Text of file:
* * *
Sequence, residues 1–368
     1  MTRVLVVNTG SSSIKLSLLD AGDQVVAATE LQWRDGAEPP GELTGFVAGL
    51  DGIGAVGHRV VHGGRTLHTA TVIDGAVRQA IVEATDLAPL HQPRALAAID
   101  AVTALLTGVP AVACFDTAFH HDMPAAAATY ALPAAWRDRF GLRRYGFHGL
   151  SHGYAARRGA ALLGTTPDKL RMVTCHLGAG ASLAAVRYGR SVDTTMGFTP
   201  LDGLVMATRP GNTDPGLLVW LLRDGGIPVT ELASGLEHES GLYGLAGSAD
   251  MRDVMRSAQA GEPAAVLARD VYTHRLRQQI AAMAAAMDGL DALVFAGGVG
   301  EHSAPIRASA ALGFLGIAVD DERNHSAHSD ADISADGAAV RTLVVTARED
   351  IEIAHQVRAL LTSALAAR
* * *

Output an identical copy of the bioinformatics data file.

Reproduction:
Sequence, residues 1–368
     1  MTRVLVVNTG SSSIKLSLLD AGDQVVAATE LQWRDGAEPP GELTGFVAGL
    51  DGIGAVGHRV VHGGRTLHTA TVIDGAVRQA IVEATDLAPL HQPRALAAID
   101  AVTALLTGVP AVACFDTAFH HDMPAAAATY ALPAAWRDRF GLRRYGFHGL
   151  SHGYAARRGA ALLGTTPDKL RMVTCHLGAG ASLAAVRYGR SVDTTMGFTP
   201  LDGLVMATRP GNTDPGLLVW LLRDGGIPVT ELASGLEHES GLYGLAGSAD
   251  MRDVMRSAQA GEPAAVLARD VYTHRLRQQI AAMAAAMDGL DALVFAGGVG
   301  EHSAPIRASA ALGFLGIAVD DERNHSAHSD ADISADGAAV RTLVVTARED
   351  IEIAHQVRAL LTSALAAR